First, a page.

FDA has Accepted Application for Rare Epilepsy


The FDA assigned a PDUFA action date of March 20, 2022, for ganaxolone.

The FDA accepted for filing Marinus Pharmaceuticals’ new drug application (NDA) for the use of ganaxolone in the treatment of seizures associated with CDKL5 deficiency disorder, a rare, genetic epilepsy. The NDA was granted Priority Review designation and the FDA assigned a Prescription Drug User Fee Act (PDUFA) action date of March 20, 2022.

The application is supported by data from the Marigold study, a phase 3 trial in 101 patients. Patients treated with ganaxolone showed a 30.7% median reduction in 28-day major motor seizure frequency, compared with a 6.9% reduction for those receiving placebo. Patients in the open-label extension study treated with ganaxolone for at least 12 months experienced a median 49.6% reduction in major motor seizure frequency.

Ganaxolone received orphan drug designation in June 2017 and a Rare Pediatric Disease designation for CDKL5 deficiency disorder in July 2020.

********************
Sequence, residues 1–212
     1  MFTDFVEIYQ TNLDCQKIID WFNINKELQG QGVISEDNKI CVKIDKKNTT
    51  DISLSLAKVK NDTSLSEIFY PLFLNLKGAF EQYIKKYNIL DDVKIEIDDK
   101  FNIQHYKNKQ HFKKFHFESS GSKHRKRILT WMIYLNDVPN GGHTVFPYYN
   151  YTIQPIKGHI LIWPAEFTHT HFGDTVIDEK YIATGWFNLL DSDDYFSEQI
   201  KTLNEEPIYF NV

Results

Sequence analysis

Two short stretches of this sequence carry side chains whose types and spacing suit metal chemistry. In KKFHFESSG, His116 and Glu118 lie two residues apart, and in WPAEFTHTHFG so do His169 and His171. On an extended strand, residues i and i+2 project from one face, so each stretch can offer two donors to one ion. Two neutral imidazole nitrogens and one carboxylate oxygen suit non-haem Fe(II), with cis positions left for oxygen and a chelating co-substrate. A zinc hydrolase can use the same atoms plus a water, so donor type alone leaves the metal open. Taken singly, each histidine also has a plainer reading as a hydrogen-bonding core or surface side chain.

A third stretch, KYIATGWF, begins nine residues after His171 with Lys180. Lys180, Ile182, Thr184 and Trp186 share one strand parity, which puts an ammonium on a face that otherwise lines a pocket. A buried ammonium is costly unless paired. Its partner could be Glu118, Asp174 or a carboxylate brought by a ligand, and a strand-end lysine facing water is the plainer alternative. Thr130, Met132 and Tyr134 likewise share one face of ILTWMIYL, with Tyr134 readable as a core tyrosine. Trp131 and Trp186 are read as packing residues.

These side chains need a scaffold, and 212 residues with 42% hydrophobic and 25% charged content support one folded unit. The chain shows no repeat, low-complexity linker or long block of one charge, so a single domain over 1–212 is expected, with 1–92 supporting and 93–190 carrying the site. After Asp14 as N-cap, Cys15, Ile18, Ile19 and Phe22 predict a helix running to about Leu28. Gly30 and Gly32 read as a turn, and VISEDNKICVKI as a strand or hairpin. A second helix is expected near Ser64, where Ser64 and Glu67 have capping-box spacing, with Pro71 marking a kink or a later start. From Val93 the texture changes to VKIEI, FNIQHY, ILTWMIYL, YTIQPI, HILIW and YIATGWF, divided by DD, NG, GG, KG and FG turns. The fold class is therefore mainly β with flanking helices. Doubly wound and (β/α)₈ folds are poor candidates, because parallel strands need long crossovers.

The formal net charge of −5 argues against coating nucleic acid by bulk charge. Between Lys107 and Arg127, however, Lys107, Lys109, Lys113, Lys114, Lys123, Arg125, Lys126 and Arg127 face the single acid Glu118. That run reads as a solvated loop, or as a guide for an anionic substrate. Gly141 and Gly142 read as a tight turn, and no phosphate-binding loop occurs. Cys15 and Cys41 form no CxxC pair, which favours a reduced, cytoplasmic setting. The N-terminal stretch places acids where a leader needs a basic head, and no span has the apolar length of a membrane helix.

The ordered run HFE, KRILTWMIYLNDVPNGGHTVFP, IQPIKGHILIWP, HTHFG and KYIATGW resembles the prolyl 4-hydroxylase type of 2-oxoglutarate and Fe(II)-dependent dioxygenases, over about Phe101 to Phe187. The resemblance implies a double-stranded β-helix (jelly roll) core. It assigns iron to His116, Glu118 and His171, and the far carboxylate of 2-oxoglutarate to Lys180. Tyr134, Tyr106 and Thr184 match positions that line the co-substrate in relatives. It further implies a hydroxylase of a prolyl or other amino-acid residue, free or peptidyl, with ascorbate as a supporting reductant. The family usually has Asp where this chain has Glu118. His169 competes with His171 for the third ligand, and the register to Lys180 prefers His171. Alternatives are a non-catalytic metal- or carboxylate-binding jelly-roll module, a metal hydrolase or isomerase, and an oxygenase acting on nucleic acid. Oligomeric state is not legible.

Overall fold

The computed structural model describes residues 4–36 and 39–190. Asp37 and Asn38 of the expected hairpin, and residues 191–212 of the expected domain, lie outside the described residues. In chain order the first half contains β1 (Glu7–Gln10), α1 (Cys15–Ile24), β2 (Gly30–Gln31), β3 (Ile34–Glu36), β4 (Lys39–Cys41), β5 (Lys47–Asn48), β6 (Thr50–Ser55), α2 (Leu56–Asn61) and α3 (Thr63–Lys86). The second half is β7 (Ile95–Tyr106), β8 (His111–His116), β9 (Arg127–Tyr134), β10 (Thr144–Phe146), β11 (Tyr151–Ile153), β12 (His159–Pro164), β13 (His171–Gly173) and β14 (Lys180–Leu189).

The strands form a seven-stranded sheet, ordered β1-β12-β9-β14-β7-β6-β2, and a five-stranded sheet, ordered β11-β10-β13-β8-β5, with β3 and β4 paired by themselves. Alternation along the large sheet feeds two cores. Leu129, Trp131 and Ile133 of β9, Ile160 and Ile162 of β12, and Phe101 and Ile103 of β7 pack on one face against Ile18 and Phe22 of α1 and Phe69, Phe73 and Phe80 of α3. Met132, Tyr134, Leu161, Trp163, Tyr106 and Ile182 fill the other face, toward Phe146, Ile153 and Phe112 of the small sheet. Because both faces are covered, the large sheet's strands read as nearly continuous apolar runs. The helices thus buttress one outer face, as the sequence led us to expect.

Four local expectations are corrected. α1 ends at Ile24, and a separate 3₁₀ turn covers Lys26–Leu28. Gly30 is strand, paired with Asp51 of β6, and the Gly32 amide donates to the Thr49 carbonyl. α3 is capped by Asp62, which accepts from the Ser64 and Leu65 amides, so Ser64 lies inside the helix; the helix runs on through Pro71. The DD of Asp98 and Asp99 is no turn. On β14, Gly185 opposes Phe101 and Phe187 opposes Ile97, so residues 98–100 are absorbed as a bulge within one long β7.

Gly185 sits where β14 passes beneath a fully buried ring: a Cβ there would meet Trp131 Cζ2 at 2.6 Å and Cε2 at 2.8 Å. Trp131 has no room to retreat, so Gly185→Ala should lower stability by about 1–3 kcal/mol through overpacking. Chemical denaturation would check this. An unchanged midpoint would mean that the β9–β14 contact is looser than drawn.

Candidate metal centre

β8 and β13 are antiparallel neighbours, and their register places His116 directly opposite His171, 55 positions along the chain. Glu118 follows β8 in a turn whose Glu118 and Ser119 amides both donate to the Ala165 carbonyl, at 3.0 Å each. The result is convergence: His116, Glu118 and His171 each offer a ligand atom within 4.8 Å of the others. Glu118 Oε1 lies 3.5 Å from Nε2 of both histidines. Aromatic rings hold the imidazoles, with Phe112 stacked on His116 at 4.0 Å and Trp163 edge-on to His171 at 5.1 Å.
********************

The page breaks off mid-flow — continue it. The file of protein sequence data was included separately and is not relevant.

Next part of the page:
Scott Braunstein, M.D.

Scott Braunstein, M.D.

“The FDA’s acceptance of our NDA submission is an important step toward potentially bringing the first approved therapy specifically for treatment of seizures associated with CDD—a devastating disorder with high unmet medical need—to families and healthcare providers,” Scott Braunstein, M.D., chief executive officer of Marinus Pharmaceuticals, said in a statement. “We believe that ganaxolone has the potential to provide meaningful clinical benefit for patients and we look forward to working closely with the FDA during the review process.”

CDKL5 deficiency is a rare genetic disorder that is caused by a mutation of the cyclin‑dependent kinase‑like 5 (CDKL5) gene, located on the X chromosome. CDKL5 deficiency disorder is characterized by early‑onset, difficult‑to‑control seizures and severe neuro‑developmental impairment. Currently, there are no therapies approved specifically for CDD. The incidence 1 in 40,000 to 60,000 newborns. About 90% of those diagnosed with CDKL5 deficiency disorder are girls.

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